Some workers’ rights reforms may have a better chance of passage this year. Two years ago, several such reforms passed the House only to die in the Senate, where “business” Democrats held sway. This year, the Senate will have three new Democrats who are considered solid labor allies: Rosenbaum, Jackie Dingfelder and Suzanne Bonamici. And all three will be in a position to advance legislation because they’ll be chairing committees: Rosenbaum at Commerce and Workforce Development; Dingfelder at Environment & Natural Resources; and Bonamici at Consumer Protection and Public Affairs.

One of the Oregon AFL-CIO’s priorities this year is the Worker Freedom Act. The bill would make it illegal for an employer to discipline a worker for refusing to attend a workplace anti-union meeting. Such meetings are a standard tactic by employers trying to prevent a union from getting majority support.

Another priority for the AFL-CIO, and for public employee unions, is a change in the definition of supervisor in Oregon’s public employee collective bargaining law. In 1995, a Republican-led Legislature delivered a blow to public employee unionization by passing Senate Bill 750. One provision of SB 750 — disallowing police and fire unions from bargaining over workplace safety — was undone by the 2007 Legislature. This year, labor will take aim at another provision of SB 750: Its expansion of the definition of supervisor, which led to thousands of public employees losing their right to join a union.

Lawmakers may also consider expanding unemployment insurance coverage to part-time workers, and improving the formula used to calculate benefits.

And supporters will try again to establish a modest paid family leave program. Funded by a small payroll tax, the program would give a stipend to workers who now are eligible for unpaid family leave, which they can take to care for a newborn child or sick relative. A similar proposal was debated near the end of the 2007 legislative session but failed to win passage.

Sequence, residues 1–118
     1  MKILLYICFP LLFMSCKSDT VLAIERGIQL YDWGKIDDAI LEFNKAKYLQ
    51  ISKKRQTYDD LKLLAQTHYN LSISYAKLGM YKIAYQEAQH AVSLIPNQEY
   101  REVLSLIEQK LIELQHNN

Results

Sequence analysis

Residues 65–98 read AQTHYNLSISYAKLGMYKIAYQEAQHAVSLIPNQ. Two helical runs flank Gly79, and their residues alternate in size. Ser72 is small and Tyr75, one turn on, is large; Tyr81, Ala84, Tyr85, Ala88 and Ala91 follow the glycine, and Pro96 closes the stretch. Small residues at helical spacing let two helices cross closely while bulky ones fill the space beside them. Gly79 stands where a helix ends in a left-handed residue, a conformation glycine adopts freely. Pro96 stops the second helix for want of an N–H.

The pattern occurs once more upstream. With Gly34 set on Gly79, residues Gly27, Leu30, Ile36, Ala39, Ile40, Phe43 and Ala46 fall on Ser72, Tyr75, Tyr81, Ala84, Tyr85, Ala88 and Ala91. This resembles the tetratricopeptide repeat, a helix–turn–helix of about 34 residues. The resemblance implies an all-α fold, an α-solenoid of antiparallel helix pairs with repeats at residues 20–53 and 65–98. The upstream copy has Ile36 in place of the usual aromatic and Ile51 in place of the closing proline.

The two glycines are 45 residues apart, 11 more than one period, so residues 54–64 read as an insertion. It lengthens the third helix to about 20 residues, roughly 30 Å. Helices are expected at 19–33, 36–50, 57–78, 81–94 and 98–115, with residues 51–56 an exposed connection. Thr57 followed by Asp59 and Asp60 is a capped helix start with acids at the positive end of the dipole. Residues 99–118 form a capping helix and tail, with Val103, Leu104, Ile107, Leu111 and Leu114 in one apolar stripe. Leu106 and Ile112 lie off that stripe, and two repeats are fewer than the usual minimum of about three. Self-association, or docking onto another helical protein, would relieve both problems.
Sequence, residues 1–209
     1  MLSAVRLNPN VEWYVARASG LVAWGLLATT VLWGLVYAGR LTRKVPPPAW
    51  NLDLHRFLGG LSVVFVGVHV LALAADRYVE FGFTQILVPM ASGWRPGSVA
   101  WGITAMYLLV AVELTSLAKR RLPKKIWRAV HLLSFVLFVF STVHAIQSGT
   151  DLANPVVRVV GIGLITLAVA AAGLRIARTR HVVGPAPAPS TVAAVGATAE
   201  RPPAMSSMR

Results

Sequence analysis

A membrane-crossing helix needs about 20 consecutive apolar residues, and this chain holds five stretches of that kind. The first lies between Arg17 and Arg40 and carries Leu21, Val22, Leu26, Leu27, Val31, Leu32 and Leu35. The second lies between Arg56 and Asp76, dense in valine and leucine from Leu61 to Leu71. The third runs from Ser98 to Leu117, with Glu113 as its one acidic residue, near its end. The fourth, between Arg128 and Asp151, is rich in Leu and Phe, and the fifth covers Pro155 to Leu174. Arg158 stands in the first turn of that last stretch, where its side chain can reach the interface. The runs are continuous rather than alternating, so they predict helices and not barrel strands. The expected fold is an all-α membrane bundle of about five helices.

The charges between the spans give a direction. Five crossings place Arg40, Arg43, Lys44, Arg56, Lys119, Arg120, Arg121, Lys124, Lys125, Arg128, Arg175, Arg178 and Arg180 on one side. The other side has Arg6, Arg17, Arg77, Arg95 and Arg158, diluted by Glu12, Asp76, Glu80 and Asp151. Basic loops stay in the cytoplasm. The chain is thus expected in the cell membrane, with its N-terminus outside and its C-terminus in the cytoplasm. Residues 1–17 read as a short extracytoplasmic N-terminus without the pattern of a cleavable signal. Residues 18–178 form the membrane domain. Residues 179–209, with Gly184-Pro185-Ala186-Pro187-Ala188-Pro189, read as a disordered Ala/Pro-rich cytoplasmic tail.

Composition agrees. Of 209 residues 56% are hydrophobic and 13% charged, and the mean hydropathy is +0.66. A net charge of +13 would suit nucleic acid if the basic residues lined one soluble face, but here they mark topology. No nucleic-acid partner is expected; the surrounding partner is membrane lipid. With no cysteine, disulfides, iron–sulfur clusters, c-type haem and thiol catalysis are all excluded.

For the Oregon State Building and Construction Trades Council (OSBCTC), priority number one will be increasing public investment — to keep people employed and get people back to work. Executive Secretary Bob Shiprack said the building trades will work to build support for infrastructure and transportation proposals. The governor is proposing several packages of that kind, and Senate President Peter Courtney is working on a proposal for bonding authority to do an additional $350 million of improvements on college campuses and other facilities.

OSBCTC will also get behind state support for renewable energy projects. And it will back a bill to mandate permitting and inspection on private renewable energy and energy efficiency projects that are certified to receive the state’s Business Energy Tax Credit — to ensure the work is done properly.

And the building trades will push to expand prevailing wage laws. One bill would require companies to pay construction workers the prevailing wage on capital improvement projects that are approved to receive three years or more of state Enterprise Zone property tax abatements.

American Federation of Teachers (AFT)-Oregon, which represents nurses, teachers, and classified school employees, will push several ideas. One is a bill that would set a minimum ratio of nurses to patients, and require hospitals to publicly disclose their staffing ratios.

AFT will also try to make progress in its campaign to halt the shift toward use of part-time college faculty who have few or no benefits. The cause could get a boost in the House Education Committee, which will be chaired by newcomer Michael Dembrow, a longtime AFT leader.

Union opponents of privatization will rally in a coalition seeking greater transparency and accountability for government contracts. One bill to be introduced would ensure that all government contracts be made available online in databases accessible by the public. Another would require a cost-benefit analysis before state or local governments (including school districts) could contract out things like janitorial or cafeteria services. And they wouldn’t be allowed to contract out for reasons of cost savings if those savings are only achievable because of lower wages and benefits.

The Oregon AFL-CIO and the Labor Education and Research Center (LERC) at the University of Oregon are planning a Jan. 24 legislative conference at the Sheet Metal Training Center in Northeast Portland. Legislators, elected officials and labor leaders will discuss their agendas for the 2009 session.Other ideas to be floated include quality considerations written into contracts, and requirements that only “responsible contractors” that obey the law and pay decent wages could get government business.

Privatization opponents will also look at reforming the state’s Products of Disabled Individuals Law. Its critics say the law is being abused by contractors who use low-wage workers with only very mild disabilities to take work from public employees and private sector contractors.